tained the age of 38 years and 1 days.
He fell a victim to the dreaded
plague influenza, and having a weak
heart that disease affected this im
portant organ and caused his death.
Casper was a highly respected young
man and much thought of by every
one who knew him. He was especial-
ly the comfort and help of his aged
mother, who feels his departure most
keenly. The announcement of Cas
per's death was indeed a shock to
He was laid to rest in the East Nor
way Lake church cemetery. Revs.
Sotendahl and Njus officiated. A very
nice and appropriate duet was sung
by Sigurd Halvorsen and his brother.
The pall bearers were: Olof Larson,
Sigurd Halvorson, Emil Olson, Ole
Aasen, John Sven and Harry Soland.
Casper is deeply mourned by his
aged widowed mother, Mrs. Helen En
gen his brothers, Hans, Christian,
Andrew, Mikal Engen his two sisters:
Minna (Mrs. J. S. Christenson) and
Olive, (Mrs. Sam Peterson).-
May 24th.—Mrs. Halberg- and her sis
ter from North Dakota are visiting A.
M. Hedin's and Oscar Linn's.
There will be a program and supper
on Saturday, May 29th in the Chris
tine Lutheran church. Everybody wel
Kdward Ber?? visited his parental
home over Sunday.
The Baptist services were held here
in District 106 Sunday evening:.
Mrs. Albert Rodelius left for Roches
ter last Wednesday where she will seek
Edwin Lundahl is reported on the sick
Mrs Mary Peterson is at present stay
ins at Albert Rodelius'.
Albert Lundquist has returned home
from Minneapolis where he has been
staying: for some time.
Mr. and Mrs. Gilbert Heglund
and family from Olivia visited Emil
Heglund's last week.
Bert Swanson Here
Bert Swanson arrived last Monday
morning from Rock Island, where he
has attended Augustana College dur
ing the past season. After a week's
visit here with friends, he will leave
next Tuesday for Palo Alto, Calif.,
where he will work in the Home Mis
sion field during the summer and at
tend the Leland Stanford University
No Band Concert Saturday
On account of Decoration Day pro
gram there will be no regular band
concert this week.
Fire at Royal Cafe
A fire-alarm this morning at about
10:30, called out the department to
extinguish a blaze in a shack back of
the Royal Cafe, formerly known as
the Svea Restaurant. The fire was
caused from a gasoline stove. The
firemen put out the flames with the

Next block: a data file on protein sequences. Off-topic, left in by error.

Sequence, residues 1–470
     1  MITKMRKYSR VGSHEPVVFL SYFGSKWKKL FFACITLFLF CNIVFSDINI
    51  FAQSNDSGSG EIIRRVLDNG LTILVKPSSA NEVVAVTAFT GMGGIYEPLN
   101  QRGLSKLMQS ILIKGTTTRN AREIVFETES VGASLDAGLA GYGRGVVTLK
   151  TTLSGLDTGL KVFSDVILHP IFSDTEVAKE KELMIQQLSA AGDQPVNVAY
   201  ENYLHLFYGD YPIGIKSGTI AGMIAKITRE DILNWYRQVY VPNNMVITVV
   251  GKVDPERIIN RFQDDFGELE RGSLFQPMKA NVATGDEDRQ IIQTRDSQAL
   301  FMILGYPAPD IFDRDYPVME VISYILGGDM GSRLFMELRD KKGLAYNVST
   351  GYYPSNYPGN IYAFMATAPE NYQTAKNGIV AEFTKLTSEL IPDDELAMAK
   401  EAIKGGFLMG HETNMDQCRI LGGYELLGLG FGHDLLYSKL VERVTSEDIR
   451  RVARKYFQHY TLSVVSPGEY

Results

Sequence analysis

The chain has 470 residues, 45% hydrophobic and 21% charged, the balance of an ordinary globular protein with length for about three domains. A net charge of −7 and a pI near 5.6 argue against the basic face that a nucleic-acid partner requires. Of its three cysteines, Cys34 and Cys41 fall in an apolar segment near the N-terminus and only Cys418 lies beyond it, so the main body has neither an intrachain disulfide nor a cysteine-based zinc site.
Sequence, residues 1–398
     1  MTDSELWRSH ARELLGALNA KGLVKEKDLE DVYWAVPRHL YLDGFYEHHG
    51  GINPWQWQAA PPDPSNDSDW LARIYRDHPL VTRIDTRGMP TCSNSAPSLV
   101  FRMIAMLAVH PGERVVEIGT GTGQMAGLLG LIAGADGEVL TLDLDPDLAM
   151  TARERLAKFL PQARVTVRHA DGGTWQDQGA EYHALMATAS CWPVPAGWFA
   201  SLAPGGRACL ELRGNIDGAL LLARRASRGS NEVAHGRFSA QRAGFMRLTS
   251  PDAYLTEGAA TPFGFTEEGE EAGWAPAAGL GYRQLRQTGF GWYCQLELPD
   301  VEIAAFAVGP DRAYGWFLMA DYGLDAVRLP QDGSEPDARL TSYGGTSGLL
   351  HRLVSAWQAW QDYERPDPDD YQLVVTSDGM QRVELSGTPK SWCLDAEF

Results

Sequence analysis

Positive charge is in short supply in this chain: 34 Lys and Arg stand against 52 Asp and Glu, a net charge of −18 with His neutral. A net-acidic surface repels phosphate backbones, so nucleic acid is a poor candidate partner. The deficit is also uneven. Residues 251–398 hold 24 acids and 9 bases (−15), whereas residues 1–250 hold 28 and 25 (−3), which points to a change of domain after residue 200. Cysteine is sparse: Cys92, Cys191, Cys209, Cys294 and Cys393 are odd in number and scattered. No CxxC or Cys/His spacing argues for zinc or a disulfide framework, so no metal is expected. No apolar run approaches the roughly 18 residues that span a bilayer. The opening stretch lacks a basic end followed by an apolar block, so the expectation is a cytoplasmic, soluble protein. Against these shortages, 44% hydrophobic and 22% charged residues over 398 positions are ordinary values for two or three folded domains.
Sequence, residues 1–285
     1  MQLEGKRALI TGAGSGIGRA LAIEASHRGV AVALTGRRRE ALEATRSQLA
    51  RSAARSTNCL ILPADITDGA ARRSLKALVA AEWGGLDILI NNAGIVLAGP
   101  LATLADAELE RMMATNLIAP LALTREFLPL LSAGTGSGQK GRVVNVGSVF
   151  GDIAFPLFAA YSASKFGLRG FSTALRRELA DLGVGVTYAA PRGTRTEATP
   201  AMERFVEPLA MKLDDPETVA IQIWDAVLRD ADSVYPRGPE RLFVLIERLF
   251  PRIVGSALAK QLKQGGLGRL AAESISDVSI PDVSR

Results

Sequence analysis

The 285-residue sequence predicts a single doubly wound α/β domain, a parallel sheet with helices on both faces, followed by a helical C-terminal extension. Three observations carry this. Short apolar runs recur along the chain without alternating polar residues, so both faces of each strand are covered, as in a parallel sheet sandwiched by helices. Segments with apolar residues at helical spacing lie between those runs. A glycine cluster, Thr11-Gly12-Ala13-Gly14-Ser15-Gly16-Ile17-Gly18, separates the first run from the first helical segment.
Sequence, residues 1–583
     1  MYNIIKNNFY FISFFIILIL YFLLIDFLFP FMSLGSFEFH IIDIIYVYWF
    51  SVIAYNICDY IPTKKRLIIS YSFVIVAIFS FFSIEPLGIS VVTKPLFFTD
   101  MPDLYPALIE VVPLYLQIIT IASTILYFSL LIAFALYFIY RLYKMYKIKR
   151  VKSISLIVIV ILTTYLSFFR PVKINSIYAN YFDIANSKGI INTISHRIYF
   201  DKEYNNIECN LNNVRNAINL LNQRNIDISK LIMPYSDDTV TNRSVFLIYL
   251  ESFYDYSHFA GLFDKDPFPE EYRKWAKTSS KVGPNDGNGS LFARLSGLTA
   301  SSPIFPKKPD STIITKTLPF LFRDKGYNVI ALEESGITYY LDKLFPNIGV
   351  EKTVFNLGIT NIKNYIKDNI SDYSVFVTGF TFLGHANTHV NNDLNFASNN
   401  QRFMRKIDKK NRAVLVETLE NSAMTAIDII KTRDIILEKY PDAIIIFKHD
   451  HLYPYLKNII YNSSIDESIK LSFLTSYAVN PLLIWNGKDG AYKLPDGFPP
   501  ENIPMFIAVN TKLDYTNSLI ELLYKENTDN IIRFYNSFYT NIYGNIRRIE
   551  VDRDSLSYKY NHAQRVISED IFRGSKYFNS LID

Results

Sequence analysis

A Chance to Get "Help"
Having heard that there was a short
age of farm help, a young man at St.
Paul addressed the following to the
postmaster at Willmar:
To Whom it May Concern:
I am willing to learn to be a farmer.
Am 27 years old weight 130 pounds
not physically strong, altho never have
been sick my life has never required
manual labor. Will work on any farm
where there are not too many women
as I personally dislike women. Prefer
being with young men near my own
age. Anyone supplying the necessary
E. L. ALLEN,
1913 Carroll Ave.
St. Paul, Minn.
Parcel Shower to Miss Hagen
Miss Gladys Hagen, a bride of the
week, was honored guest at a parcel
shower given by Mrs. Albert Olson of
Eagle Lake last Friday evening. The
evening was. enjoyably spent, a num
ber of vocals violin and piano solos
being a part of the program.
As Mrs. Henry Bergeson presided
at the piano, the little Misses* Olive
Bergeson and Hazel Olson, dressed
as butterfly fairies entered the room
with a large basket, decorated in pink
and white, which contained many
beautiful gifts, and presented the
same to the bride-to-be.
A delicious luncheon was served by
—Miss Pearl Swenson of Ihlen
spent Friday evening and Saturday
visiting friends in this city.
—Arthur Dolden spent Sunday vis^
iting Oliver Alvig at Moorhead who
attends Concordia College.
—Claus Johnson left Monday morn
ing for Jordan where he went to take
treatments at the sanatorium at that
—F. J. Kragenbring and Wm. Rieff
of Harrison were visitors in this city
yesterday afternoon. Mr. Rieff re
turned on Monday from a three weeks
stay at Portage, Wis.
Cast your weather optic upon the
fie husky sailor-swimming instructors
and a bunch of their graduates enjoy
ing a swim id the tropical waters of
Guantanamo, Cuba. In the Navy
every man is required to swim at
least fifty yards, and after he has qual
ified a notation "can swim" is made on
his record which is kept in the Exe
cutive Officer's Office of the ship.
During the winter manoeuvers of
the Atlantic Fleet in Southern waters
many sailormen, who had not qualified
at the training station, were instruct
ed in this very important sport. If
they were not proficient to swim in
deep water they were instructed near
the beaches in shallow water. It is
decidedly to every man's advantage
to be a finished swimmer, as his chan
ces for swimming, boating, fishing and
hunting parties* are bette*=and very
often he saves his own life or that of
Oregonian is Here
Emil Sjodln, of Gresham, Oregon,
arrived Sunday morning with his son
in-law, Anton Sundberg, who returned
from a two week's trip to the Coast.
Mr. Sjodin is a former resident of the
township of Dovre and has many old
time friends here who will enjoy a
visit from him.
Altrurians Enjoy Picnic
The Altrurians of the Presbyterian
church enjoyed a picnic at Homewood
Park last Monday evening. Their sup
per was served at the park.
May 25th.—Mrs. Charley Furgeson of
Diamond Lake spent several days at the
L. E. Larson home last week.
Peter Thulin arrived from Willmar
last Saturday and is spending the week
at his home here.
Miss Ellen Anderson who has been
teaching at Knife River for the last
year arrived home the latter part of the
week to speiTu her vacation with her
parents, Mr. and Mrs. Swan Anderson.
Mrs. John Elmquist and Mr. and Mrs.
Gilbert Elmquist from Town of Fahlun
spent Sunday at Frank Hawkinson's.
Mesdames Charley Broman, Peter
Nelson and Al«ot Peterson of Willmar
attended the sale at the M. E. church
here on Friday evening.
Mr. Seastedt of New London is busy
painting and papering several of the
homes in the village.
Mr. and Mrs. Howard Larson and Miss
Marie Larson of Sioux Falls. S. D., were